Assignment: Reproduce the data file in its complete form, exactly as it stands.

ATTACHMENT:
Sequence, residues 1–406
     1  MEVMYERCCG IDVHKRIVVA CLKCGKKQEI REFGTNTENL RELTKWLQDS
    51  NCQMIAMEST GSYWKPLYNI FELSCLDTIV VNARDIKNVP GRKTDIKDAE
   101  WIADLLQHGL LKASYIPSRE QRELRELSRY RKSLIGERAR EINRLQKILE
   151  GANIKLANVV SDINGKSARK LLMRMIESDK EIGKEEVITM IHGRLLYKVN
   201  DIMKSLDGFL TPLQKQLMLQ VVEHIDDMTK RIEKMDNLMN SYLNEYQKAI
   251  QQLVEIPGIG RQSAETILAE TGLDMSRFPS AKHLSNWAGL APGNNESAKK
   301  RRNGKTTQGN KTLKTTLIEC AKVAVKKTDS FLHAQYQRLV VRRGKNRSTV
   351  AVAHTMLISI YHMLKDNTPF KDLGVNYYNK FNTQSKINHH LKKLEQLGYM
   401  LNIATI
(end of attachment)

Sequence, residues 1–406
     1  MEVMYERCCG IDVHKRIVVA CLKCGKKQEI REFGTNTENL RELTKWLQDS
    51  NCQMIAMEST GSYWKPLYNI FELSCLDTIV VNARDIKNVP GRKTDIKDAE
   101  WIADLLQHGL LKASYIPSRE QRELRELSRY RKSLIGERAR EINRLQKILE
   151  GANIKLANVV SDINGKSARK LLMRMIESDK EIGKEEVITM IHGRLLYKVN
   201  DIMKSLDGFL TPLQKQLMLQ VVEHIDDMTK RIEKMDNLMN SYLNEYQKAI
   251  QQLVEIPGIG RQSAETILAE TGLDMSRFPS AKHLSNWAGL APGNNESAKK
   301  RRNGKTTQGN KTLKTTLIEC AKVAVKKTDS FLHAQYQRLV VRRGKNRSTV
   351  AVAHTMLISI YHMLKDNTPF KDLGVNYYNK FNTQSKINHH LKKLEQLGYM
   401  LNIATI